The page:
In the pseudomembranous form of angina and stomatitis, such as attends diphtheria, and in the same condition occurring in scarlet fever, a strong solution of alum, or the salt in powder, is sometimes very effectual. The powder may be applied by means of the finger, or more conveniently by introducing it into a tube, and through this blowing it into the fauces. This application of alum in modern times we owe to Bretonneau. It is generally made in cases of infants, who are most subject to the diphtheritic affection. It is usually followed by a copious salivation, and by efforts to vomit; but these cease after a few minutes. The remedy is equally effectual when applied to the false membrane, which, during the prevalence of an epidemic of the disease, is apt to form on other part, as the nipple, mucous membrane of the generative organs, and ulcerated surfaces in any portion of the body. It may be used also in obstinate aphthous incrustations of the mouth. The alternate application of powdered alum and tannic acid, one or the other being used every hour, has also been recommended in pseudomembranous angina. (Ann. de Therap., 1859, p. 114).
Painful caries of the teeth may sometimes be relieved by filling the cavity with a paste made of alum, ether, and a little mucilage, which may be repeated twice a day while the pain lasts. ( Trousseau et Pidoux, 4e ed., i. 137).
In commencing ophthalmia, alum sometimes arrests the disease; but in this affection, the solution should be much weaker than when used for the throat, or to arrest hemorrhage. When the inflammation is fixed, the remedy is no longer applicable; but it sometimes comes again into play when, in the advanced stage, the eye remains red, and perhaps blood-shot, from a passive distension of the vessels. Another mode of using alum in ophthalmia is in the form of alum-curd, which may be applied as a poultice over the closed eyelids, between pieces of soft linen or gauze. Reference has already been made to its peculiar efficacy in the purulent ophthalmia of infants. (See page 140 and note).
Other forms of inflammation, in which alum-curd may be employed, are chilblain before the cuticle is broken, and the erythematous redness which results from pressure, as in the cases of patients long confined to bed with diseases of debility.
The dose of alum for ordinary purposes varies from five to fifteen grains, which in chronic cases may be given three or four times a day, and in those more acute, every two or three hours. It may be taken either in powder or solution. In either case, it will often be desirable to make some aromatic addition, to obviate nausea. Five grains of pulverized nutmeg are often added to each dose of the powder; and an equal weight of white sugar may be mixed with it, in order to qualify the taste.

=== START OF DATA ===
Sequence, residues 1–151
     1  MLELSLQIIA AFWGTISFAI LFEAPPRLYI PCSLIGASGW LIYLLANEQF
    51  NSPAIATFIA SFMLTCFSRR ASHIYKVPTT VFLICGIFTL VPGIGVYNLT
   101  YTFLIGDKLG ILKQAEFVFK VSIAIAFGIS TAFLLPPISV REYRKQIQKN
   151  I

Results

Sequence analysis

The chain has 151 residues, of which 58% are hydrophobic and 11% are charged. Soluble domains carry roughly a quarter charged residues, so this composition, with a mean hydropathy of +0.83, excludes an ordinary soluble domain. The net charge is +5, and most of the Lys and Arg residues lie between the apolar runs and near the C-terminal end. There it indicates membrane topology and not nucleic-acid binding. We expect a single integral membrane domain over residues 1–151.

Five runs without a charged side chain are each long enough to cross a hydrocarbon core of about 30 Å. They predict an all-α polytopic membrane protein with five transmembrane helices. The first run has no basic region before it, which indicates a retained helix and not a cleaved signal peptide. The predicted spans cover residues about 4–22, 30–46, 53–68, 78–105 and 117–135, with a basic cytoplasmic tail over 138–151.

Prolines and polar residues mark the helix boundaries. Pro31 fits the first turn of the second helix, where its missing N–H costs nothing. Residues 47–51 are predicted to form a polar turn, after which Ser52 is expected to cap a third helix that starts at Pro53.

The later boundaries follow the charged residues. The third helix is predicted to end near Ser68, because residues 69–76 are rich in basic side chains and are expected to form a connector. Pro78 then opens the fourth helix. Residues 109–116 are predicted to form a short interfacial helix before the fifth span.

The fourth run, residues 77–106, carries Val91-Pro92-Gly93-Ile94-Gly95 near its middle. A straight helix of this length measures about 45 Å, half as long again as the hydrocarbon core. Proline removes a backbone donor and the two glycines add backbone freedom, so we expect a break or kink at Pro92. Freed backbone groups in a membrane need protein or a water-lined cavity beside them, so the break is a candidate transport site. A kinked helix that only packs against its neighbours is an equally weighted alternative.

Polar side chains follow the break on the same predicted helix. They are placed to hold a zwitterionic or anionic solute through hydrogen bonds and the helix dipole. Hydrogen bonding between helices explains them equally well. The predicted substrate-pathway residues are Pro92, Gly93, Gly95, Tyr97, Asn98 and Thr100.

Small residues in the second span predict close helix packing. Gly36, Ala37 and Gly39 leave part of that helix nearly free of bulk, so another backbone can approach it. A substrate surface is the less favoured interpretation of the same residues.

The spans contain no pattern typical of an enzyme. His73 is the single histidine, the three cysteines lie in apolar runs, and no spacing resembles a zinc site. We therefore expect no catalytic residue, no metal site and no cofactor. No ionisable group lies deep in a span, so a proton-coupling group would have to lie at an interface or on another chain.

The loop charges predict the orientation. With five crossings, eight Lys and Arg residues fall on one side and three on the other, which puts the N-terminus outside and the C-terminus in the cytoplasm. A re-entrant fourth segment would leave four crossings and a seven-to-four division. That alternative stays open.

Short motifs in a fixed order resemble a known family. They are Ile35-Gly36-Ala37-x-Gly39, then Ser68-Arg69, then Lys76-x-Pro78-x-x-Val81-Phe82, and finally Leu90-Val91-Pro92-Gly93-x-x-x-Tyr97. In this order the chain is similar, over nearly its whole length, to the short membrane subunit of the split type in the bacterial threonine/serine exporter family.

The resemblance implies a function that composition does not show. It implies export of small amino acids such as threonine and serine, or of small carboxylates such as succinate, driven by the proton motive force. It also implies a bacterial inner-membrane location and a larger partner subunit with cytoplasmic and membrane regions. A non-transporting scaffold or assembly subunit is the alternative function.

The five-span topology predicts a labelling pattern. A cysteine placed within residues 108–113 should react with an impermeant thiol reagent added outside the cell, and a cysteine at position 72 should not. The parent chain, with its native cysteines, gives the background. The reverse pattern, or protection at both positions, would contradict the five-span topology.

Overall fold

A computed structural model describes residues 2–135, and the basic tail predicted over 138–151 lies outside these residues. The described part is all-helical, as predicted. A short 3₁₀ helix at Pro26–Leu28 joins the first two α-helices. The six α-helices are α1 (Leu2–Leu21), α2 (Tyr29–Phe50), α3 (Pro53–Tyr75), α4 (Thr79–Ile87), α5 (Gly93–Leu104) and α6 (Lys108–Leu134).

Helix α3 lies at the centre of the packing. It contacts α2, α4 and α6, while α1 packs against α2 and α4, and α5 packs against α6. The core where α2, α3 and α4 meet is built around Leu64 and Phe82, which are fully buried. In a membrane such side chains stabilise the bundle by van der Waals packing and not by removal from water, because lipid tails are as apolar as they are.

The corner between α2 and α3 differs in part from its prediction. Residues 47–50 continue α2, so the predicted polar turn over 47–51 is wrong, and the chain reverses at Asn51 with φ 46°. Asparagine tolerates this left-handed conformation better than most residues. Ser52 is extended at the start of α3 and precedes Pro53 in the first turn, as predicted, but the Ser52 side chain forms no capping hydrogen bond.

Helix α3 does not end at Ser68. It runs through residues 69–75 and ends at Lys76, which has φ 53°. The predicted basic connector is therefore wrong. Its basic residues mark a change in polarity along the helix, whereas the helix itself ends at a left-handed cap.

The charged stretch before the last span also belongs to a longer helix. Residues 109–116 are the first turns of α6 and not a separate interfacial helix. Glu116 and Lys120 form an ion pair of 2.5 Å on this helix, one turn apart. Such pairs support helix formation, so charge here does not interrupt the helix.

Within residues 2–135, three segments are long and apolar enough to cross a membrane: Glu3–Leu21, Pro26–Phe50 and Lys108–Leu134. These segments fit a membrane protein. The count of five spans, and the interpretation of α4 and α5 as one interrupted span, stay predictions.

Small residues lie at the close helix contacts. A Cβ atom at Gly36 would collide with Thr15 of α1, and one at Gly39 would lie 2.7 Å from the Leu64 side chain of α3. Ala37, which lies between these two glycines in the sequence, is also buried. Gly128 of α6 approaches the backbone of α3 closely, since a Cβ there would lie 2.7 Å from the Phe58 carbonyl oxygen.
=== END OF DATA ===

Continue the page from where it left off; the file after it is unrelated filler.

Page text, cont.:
Another form of administration is that of alum-whey. This is made by boiling two drachms of the powdered salt with a pint of milk, and straining after coagulation. The dose is from one to three tablespoonfuls.
For external use, the curd remaining after straining the milk, in the preparation of the whey, may be employed in the form of cataplasm. Another mode of making an alum cataplasm is to rub the white of egg with a piece of alum, in a saucer, until the albumen coagulates; or a drachm of powdered alum may be well shaken or beaten with the whites of two eggs. The curd thus prepared may be applied between folds of soft linen.
The solution of alum for external use is of various strengths, according to the purpose for which it is employed. In commencing ophthalmia its strength should not at first exceed four or five grains to a fluidounce of water; for application to the urethra from five to ten grains. A much stronger solution, containing fifteen or twenty grains in the fluidounce, has been above recommended for various purposes.
Alum is among the substances most used by means of the atomizer. Its solution, containing from ten to twenty grains to the fluidounce, is inhaled in the state of spray, in chronic bronchitis and laryngitis, especially when attended with excessive secretion; and, containing forty grains, has been found useful in pulmonary hemorrhage.
The uses of Dried Alum (Alumen Exsiccatum, U. S.) will be treated of under Escharotics.